Jun 05

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Put your eyes on the New Testament Library and look at the shelves and the books that are found there. Keeping in mind, that there are twenty-seven books, found on the six shelves (If I have not used this number of shelves, in the other articles in this series, please forgive this humble writer!). Just for a review, the first shelf has the four gospel accounts written by Mathew, Mark, Luke, and John; the second shelf has but one book, “Acts of the Apostles,” which was written by Luke; the third shelf is that which has the letters to the churches and there are nine books located on this shelf; the fourth shelf holds the letters to preachers and there are but three such books: 1 and 2 Timothy and Titus. We have now arrived at the books, that I call the “General Letters” and as we count them, we notice that there are nine books located on this shelf. These are the most diverse books; starting with Philemon with the last being Jude; on either end, if you will notice, both of these are one “chapter” letters but Hebrews has thirteen chapters. The final shelf, the sixth shelf, has but one book on it. It is like no other book in the New Testament. It is: “The Revelation of Jesus Christ.” Now, I would be amiss, if I did not notice these words: “Blessed is he that readeth, and they that hear the words of this prophecy, and keep those things which are written therein: for the time is at hand” (Rev. 1:3). With this review, we now move on.
This article will cover the “Letters to the Churches.” So, what should we notice while doing our little study of these books? The first point that needs our attention are Paul’s words to the Corinthians: “If any man think himself to be a prophet, or spiritual, let him acknowledge that the things that I write unto you are the commandments of the Lord” (1 Cor. 14:37). Many people miss this clear and pointed text! Paul was not just writing things that had no “authority” but what he wrote, things which the Holy Spirit delivered to him, were in fact, “the commandments of the Lord!” He was not writing his “opinions!” He was not writing things that were to be taken as “options!” Once more notice his words: “let him acknowledge that the things that I write unto you are the commandments of the Lord.” The word “commandments” is the Greek “entole” and has the following meanings: “1) an order, command, charge, precept, injunction 1a) that which is prescribed to one by reason of his office 2) a commandment 2a) a prescribed rule in accordance with which a thing is done” (Thayer). Strong gives: “injunction, that is, an authoritative prescription: – commandment, precept.” If there was any question as to what Paul meant, Thayer and Strong should have removed any such!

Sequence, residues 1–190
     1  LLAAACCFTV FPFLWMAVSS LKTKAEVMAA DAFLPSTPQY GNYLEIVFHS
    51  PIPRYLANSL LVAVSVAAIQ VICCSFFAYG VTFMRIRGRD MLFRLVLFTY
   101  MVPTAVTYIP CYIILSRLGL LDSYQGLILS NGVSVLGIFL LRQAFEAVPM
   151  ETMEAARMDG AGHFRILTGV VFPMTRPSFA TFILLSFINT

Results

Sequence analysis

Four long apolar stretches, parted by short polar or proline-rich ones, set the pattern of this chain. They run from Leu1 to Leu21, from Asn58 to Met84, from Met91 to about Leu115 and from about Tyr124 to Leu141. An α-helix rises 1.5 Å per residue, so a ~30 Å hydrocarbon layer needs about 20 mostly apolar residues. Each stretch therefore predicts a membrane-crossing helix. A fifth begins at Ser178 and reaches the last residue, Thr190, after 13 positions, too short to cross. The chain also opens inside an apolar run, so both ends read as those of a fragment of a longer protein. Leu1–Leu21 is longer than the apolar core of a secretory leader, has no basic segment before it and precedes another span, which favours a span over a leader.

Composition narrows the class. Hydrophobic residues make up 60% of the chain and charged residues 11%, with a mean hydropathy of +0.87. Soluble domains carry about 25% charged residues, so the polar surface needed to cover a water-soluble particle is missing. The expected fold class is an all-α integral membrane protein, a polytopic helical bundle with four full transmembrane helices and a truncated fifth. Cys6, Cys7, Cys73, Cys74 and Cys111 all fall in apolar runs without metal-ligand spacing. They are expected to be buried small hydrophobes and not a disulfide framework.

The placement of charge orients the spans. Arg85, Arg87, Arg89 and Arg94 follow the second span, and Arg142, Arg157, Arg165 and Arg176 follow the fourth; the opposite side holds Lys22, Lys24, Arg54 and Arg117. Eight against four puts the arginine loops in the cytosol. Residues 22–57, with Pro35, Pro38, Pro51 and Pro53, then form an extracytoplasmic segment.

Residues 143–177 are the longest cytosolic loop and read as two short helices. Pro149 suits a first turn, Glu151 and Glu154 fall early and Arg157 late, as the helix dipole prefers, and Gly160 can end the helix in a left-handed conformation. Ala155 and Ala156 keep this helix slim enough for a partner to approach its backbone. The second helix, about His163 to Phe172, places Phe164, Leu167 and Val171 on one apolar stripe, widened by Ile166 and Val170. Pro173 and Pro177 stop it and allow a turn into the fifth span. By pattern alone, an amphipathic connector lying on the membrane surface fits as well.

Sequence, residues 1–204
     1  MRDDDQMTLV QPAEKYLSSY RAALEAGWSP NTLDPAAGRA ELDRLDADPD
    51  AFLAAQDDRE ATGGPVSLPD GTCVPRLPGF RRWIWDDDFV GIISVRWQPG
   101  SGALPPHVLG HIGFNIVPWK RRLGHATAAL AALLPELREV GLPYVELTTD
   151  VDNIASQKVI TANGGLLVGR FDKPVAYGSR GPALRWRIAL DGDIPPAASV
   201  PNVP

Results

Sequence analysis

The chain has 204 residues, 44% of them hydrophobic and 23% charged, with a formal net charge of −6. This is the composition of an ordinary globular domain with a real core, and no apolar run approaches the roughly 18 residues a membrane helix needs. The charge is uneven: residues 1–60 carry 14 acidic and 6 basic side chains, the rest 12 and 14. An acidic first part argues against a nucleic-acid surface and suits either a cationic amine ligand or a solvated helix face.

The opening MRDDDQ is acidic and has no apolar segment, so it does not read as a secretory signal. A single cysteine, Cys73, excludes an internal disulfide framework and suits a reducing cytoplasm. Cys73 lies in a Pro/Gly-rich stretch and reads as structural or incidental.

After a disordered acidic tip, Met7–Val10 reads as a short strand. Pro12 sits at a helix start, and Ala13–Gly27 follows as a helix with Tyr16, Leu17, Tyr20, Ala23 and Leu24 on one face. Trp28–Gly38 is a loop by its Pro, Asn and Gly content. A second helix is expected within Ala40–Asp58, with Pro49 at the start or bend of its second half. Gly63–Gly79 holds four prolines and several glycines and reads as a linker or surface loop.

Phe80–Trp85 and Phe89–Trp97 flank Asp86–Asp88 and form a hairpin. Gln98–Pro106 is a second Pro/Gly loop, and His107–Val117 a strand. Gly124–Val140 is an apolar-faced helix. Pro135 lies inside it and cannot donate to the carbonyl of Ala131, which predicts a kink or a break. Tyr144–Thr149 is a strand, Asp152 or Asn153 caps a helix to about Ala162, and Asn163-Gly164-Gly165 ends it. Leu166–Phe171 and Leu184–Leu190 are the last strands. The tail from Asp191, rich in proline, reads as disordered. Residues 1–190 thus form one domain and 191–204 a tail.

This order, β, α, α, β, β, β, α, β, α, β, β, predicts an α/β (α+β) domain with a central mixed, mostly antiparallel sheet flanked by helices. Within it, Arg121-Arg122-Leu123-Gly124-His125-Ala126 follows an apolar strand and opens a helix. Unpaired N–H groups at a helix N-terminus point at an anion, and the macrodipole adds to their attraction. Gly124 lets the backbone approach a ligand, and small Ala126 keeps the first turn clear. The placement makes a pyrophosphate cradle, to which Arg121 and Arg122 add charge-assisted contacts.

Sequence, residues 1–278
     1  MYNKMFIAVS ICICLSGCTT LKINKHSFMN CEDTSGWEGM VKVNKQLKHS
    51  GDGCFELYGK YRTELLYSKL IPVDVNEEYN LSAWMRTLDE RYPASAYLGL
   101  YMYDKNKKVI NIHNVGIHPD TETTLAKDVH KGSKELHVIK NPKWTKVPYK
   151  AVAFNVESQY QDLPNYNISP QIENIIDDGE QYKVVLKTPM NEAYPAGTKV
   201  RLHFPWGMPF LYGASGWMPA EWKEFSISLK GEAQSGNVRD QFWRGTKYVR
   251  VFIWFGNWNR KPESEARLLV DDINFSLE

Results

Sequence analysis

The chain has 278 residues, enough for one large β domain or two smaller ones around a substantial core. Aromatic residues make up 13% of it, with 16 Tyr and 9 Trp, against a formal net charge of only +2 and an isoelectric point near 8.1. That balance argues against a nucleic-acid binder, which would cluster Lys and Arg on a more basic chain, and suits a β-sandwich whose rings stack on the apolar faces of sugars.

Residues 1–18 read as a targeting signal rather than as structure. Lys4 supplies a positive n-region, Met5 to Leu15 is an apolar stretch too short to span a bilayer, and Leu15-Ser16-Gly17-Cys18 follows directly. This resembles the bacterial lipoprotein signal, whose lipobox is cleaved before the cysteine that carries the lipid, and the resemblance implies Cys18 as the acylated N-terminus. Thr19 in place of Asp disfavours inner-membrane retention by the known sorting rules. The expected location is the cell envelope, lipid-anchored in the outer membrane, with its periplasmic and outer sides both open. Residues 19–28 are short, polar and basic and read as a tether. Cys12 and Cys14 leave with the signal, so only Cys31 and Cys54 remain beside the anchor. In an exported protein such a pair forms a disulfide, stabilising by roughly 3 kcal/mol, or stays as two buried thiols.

The first thing we learn is in the first chapter of Romans: “For I am not ashamed of the gospel of Christ: for it is the power of God unto salvation to every one that believeth; to the Jew first, and also to the Greek” (Rom. 1:16). God has but one “power” unto salvation! In the Second Letter to the Thessalonians, verses four and six, Paul used the Greek word “paraggello,” which is translated “command” but is not the same Greek word used in the Corinthians verse. Here Paul wrote: “… that ye both do and will do the things which we command you” and “Now we command you, …” The Greek word used in these two verses means: “1) to transmit a message along from one to another, to declare, announce 2) to command, order, charge” (Thayer). Once more we must notice, that Paul is not writing his “opinions” but “commands!” The same authority which Paul is using in all of his writings is as one of the “ambassador of Christ (2 Cor 5:30). Now, with this thought in mind, notice what Paul wrote to the church in Colosse: “Set your affection on things above, not on things on the earth” (Col. 3: 2). Is this a “suggestion” (a proposal) or a “command?” Is it something that must be done, as in obeyed, if one is to be pleasing to God? Notice, just where we are, if we obey the words in verse two; as Paul wrote that, “For ye are dead, and your life is hid with Christ in God” (Col. 3:3). First, Paul says, “For” the Greek “gar,” “A primary particle; properly assigning a reason”- Strong) ye are (presently) dead (separated).” Separated from what? Friends, separated from the “world,” from “sin!” Now look at Paul’s next words: “and your life is hid.” The word “hid” is the Greek, “krupto” and is “A primary verb; to conceal (properly by covering).” (Strong). Finally, notice this: “with Christ in God.”
Friends, may God never see us outside of Christ! Outside of the blood of Christ! Salvation is in Christ!

Frank R. Williams

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